Date:   May 18, 2009

Contacts:   Randy Atkins, Senior Media Relations Officer

202-334-1508; e-mail <atkins@nae.edu>

Catherine Didion, Senior Program Officer

202-334-1737; e-mail <cdidion@nae.edu>

National Academy of Engineering

 

FOR IMMEDIATE RELEASE

 

NAE ANNOUNCES WINNERS OF NATIONAL ESSAY CONTEST FOR THEIR INNOVATION AND CREATIVITY

 

WASHINGTON -- The National Academy of Engineering's EngineerGirl! Web site announced today the winners of the 2009 Imagine That! Engineering Innovation Essay Contest.  This national contest asked young people to consider one of three images on the EngineerGirl! site and to discuss its potential purposes and functions using engineering creativity.  More than 400 students in grades three through 12 submitted essays. 

 

"When President Obama recently spoke at the National Academies, he stressed the importance of innovation to enhancing our quality of life and taking on the many challenges facing our world," said NAE President Charles M. Vest.  "I am very encouraged by the wonderful ways in which the girls and boys who participated in the NAE's EngineerGirl! essay contest demonstrated the power of their imaginations, because it's the key spark necessary for any engineering innovation."

 

Meg Rominiecki, a fourth-grader at Cheltenham Elementary in Cheltenham, Pa., won first place among entries from third- through fifth-grade students for her essay on a machine that decreases the amount of "space junk" orbiting the Earth.  Nora Belkhayat, a seventh-grader from Francis C. Hammond Middle School in Alexandria, Va., won first place among entries from sixth- through eighth-grade students for an essay on a magnetic levitation type of transportation dubbed the "spit-baller."  Qingliu Yang, a 12th-grader from Plano West Senior High School in Plano, Texas, won first place among entries from ninth- through 12th-graders for her essay about an organic light-emitting diode.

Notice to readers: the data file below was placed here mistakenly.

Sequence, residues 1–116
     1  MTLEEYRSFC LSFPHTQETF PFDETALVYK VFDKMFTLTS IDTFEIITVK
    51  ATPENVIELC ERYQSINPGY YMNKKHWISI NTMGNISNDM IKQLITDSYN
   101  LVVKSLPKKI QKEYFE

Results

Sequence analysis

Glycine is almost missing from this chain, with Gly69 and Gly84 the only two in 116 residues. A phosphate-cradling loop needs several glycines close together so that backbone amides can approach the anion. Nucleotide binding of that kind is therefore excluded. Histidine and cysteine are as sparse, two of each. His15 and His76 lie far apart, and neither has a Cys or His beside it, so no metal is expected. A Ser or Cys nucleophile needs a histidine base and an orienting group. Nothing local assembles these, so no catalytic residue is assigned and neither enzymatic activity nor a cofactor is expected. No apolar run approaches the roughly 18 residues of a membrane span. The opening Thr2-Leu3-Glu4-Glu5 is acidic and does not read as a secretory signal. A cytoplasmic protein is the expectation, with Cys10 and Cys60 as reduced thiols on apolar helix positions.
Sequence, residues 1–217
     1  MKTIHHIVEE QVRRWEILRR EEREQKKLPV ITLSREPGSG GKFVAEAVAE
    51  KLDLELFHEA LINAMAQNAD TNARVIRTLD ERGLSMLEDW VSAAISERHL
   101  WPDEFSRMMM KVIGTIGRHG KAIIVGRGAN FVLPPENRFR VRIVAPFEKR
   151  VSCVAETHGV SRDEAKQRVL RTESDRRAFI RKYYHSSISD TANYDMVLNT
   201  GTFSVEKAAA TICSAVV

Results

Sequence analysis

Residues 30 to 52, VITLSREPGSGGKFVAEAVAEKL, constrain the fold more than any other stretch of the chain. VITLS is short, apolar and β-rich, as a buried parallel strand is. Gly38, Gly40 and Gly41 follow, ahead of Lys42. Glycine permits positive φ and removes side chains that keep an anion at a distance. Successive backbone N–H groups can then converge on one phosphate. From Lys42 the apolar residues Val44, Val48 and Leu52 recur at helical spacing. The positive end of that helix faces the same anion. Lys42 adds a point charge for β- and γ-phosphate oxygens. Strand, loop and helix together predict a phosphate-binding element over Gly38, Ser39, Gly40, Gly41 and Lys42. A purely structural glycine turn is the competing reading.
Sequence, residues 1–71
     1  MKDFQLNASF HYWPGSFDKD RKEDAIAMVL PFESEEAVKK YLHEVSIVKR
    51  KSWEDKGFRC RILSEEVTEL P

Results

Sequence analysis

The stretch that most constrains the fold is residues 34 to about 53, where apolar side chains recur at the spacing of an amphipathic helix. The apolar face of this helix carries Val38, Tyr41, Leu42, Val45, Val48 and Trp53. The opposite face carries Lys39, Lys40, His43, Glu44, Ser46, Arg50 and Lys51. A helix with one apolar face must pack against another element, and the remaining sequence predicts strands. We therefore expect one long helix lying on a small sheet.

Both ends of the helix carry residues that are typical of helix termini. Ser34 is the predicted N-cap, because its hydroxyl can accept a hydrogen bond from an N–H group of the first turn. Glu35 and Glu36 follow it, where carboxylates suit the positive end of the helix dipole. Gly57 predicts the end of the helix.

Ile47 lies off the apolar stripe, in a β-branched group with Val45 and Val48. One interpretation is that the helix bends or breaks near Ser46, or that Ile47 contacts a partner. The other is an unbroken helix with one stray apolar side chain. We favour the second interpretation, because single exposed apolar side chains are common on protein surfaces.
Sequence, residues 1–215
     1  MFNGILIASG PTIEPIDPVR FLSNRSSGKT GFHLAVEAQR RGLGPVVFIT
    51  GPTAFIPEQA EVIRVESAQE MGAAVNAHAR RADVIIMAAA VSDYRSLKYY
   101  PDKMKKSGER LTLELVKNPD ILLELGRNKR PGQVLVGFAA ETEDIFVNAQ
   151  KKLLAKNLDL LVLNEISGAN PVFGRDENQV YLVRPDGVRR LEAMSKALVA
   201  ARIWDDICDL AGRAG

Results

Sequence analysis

Prizes ranged from $500 for first place to certificates for honorable mention.

 

Among contestants in grades three to five, Kip Williams, in fifth grade at Martha and Josh Morris Elementary in Texarkana, Texas, won second place; Sarah Logan Campbell, in third grade at Chamberlin Hill Intermediate School in Findlay, Ohio, won third place; and Lillith Bulawa, in fifth grade at Staley Upper Elementary in Rome, N.Y., received an honorable mention. 

 

Among contestants in grades six to eight, Nialah Wilson, in eighth grade at Central Academy Middle School in Daleville, Va., won second place; Amber Litke, a homeschooler in seventh grade in Sioux Falls, S.D., won third place; and Kate Yuhas, in eighth grade at Scranton Middle School in Brighton, Mich., received an honorable mention. 

 

Among contestants in grades nine to 12, Ashley Thomas, in ninth grade at Charles Wright Academy in Auburn, Wash., won second place; Mark Davis, in ninth grade at Wando High School in Mount Pleasant, S.C., won third place; and Owen Wilson, in ninth grade at L.C. Bird High School in Chester, Va., was awarded an honorable mention. 

 

All of the winning essays are posted at <http://www.engineergirl.org>.

 

EngineerGirl! is designed for middle school girls and offers information about various engineering fields and careers, as well as games, books, and other resources on engineering.  EngineerGirl! and Engineer Your Life (http://www.engineeryourlife.org), a Web site for academically prepared high school girls, are part of NAE's ongoing efforts to increase the diversity of the engineering work force. 

 

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[ This news release is available at http://national-academies.org ]